There are many different aspects to traditional Asian weddings, but not all of the customs are maintained today as western influences are either replacing or complementing these ancient practices. Traditions vary in different parts of each Asian country and their own set of incredibly diverse social customs and traditions and in many cultures there are many variations on choosing the wedding day in order to ensure a happy and prosperous marriage, the couple should marry at an auspicious time and date. This tradition is not taken lightly and astrologers may be consulted to see if the stars are compatible. Wedding customs in Asian countries are distinct and often extremely beautiful. Join us as we explore some of these age old traditions:
While the white weddings gown is becoming increasingly popular, one-third of Japanese women still lean towards a traditional pure white kimono (Shiro-Muku) for the formal ceremony, symbolizing purity and maidenhood. Japanese women generally prefer beautifully colored silk kimonos with rich embellishments that are often embroidered with purple iris flowers because in Japan the color purple represents love. The wedding ceremony itself is traditionally either Shinto or Buddhist. During a Shinto ceremony the earth’s natural spirits are asked to bless the newlyweds. Japanese wedding rituals often incorporate items with strong symbolic meaning, its strength or simple elegance; as an example bamboo which represents both prosperity and purity, while the mizuhiki knot given at Japanese weddings is often shaped like a crane, symbolizing prosperity and a long life. It is also traditional to fold 1,000 gold origami cranes since they mate for life and represent good fortune, longevity, and peace in the marriage. During a Buddhist ceremony two strings of beautiful beads are woven together to symbolize the union of two into one. One of our favorite parts is called “Sankon-no-gi” – where the bride and groom drink sake, three times each, from three different cups that are called “sakazuki” they Exchange cups representing the exchange of marriage vows. Next their parents also take sips, sealing the bond between the two families. “Each person takes three sips of sake from each of three cups. The first three sips represent the three couples; the second three sips represent the flaws of hatred, passion, and ignorance; and the last three sips represent freedom from the three flaws.”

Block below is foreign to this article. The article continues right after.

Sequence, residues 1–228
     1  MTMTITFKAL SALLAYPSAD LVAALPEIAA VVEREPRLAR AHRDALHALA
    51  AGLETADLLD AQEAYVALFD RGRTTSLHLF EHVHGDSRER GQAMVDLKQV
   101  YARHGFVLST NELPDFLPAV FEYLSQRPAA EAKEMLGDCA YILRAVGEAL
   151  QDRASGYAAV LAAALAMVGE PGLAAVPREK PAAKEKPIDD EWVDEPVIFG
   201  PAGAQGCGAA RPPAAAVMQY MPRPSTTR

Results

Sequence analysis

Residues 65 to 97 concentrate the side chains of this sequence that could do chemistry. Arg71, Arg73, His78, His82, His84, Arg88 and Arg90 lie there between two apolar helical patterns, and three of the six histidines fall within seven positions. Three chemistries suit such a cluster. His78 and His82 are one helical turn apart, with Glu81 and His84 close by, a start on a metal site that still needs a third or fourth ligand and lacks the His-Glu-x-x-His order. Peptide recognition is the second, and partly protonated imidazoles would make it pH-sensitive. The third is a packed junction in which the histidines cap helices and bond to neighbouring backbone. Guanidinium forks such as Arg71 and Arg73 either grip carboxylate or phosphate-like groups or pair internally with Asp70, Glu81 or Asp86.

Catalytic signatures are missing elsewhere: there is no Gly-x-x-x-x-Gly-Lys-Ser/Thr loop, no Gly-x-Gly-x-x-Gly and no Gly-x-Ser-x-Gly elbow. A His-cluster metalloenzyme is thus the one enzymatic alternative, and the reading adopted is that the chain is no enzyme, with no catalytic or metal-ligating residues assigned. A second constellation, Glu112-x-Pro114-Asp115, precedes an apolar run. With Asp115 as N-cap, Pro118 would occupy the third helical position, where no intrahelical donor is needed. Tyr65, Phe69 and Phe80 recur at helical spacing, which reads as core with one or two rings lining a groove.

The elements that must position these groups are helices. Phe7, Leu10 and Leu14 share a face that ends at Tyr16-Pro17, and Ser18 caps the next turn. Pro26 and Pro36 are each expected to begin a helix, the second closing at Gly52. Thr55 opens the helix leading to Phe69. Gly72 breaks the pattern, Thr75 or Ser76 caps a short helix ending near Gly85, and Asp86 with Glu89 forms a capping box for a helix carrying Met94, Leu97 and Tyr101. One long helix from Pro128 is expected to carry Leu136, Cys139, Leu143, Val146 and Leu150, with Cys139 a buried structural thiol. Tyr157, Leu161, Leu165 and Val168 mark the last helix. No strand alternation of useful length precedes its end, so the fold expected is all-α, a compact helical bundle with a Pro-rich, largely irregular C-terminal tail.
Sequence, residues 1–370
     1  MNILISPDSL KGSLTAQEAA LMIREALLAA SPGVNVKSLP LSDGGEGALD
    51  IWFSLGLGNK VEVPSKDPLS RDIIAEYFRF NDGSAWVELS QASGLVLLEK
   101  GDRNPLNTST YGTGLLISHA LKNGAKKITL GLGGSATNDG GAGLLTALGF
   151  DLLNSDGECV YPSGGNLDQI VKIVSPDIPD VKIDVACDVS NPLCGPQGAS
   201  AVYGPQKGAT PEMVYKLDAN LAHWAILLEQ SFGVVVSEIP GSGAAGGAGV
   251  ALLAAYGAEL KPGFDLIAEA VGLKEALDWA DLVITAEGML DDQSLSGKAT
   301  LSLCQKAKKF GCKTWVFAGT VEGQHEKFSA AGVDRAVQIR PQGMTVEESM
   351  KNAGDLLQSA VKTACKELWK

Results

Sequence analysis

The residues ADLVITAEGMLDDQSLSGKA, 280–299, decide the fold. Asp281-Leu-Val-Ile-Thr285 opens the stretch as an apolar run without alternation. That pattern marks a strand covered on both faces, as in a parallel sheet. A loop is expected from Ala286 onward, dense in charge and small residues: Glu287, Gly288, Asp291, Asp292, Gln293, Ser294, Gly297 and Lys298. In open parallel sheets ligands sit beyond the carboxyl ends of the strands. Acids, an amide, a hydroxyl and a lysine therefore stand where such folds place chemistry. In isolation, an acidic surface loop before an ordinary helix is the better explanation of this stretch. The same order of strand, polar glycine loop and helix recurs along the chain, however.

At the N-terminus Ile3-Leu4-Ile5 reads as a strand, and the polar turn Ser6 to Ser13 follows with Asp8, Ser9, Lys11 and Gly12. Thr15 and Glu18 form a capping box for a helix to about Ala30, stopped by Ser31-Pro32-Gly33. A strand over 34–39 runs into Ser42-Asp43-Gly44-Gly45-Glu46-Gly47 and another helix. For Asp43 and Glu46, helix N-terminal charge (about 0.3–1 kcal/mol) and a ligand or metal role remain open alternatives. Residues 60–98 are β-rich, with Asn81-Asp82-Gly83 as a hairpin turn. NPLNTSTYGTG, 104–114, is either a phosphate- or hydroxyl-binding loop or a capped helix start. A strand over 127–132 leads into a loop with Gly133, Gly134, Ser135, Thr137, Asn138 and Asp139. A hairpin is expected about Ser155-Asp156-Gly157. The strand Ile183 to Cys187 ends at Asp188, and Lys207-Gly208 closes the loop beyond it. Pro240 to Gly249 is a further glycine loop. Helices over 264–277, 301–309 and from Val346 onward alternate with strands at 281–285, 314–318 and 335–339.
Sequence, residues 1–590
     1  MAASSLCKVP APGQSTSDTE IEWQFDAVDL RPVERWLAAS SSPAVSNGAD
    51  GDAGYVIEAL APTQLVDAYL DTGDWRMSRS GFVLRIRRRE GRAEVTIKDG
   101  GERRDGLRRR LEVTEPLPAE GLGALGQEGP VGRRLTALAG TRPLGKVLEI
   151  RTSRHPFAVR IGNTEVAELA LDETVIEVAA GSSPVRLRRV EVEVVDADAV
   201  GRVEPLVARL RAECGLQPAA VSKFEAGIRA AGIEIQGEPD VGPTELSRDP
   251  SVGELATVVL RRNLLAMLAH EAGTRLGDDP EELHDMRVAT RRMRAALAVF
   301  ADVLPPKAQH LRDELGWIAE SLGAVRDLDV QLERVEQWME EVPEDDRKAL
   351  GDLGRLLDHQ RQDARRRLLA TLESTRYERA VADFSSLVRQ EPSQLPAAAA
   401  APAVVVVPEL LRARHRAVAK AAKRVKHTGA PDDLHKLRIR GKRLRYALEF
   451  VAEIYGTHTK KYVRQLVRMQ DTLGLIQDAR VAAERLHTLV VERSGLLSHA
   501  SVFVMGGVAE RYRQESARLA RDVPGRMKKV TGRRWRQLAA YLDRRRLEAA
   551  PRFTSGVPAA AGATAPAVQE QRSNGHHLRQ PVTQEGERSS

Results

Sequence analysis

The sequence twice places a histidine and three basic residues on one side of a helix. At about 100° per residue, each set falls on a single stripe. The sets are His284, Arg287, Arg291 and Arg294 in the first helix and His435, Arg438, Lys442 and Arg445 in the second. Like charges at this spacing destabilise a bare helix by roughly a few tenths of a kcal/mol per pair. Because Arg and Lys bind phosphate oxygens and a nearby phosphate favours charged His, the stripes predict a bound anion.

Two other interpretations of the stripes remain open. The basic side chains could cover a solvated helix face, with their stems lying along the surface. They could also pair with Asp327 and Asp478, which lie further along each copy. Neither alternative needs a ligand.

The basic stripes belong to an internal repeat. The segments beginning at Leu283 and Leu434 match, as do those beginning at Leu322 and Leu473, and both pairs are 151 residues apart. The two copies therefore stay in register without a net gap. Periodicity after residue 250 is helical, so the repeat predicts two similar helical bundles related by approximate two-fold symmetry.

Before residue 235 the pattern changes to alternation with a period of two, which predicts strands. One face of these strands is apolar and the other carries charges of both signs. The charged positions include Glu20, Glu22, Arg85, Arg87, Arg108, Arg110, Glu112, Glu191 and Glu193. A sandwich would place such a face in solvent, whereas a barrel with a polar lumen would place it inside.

Since the ancient times of the Qin (221 BC – 206 BC) and Qing (1644 – 1911) Qing dynasty marriages were considered one of the most important traditions in life. During this period: for the male side, it determined the prosperity and even the future fame of their family; while for the female side, it meant that parents would now give their daughters hand in marriage and she leaves their home to join him so choosing an ideal partner was vital for both the individual and the family.
Chinese wedding gowns are typically red. In Chinese culture this color signifies luck, prosperity, love, and joy, hence the red color scheme is carried throughout traditional Chinese weddings.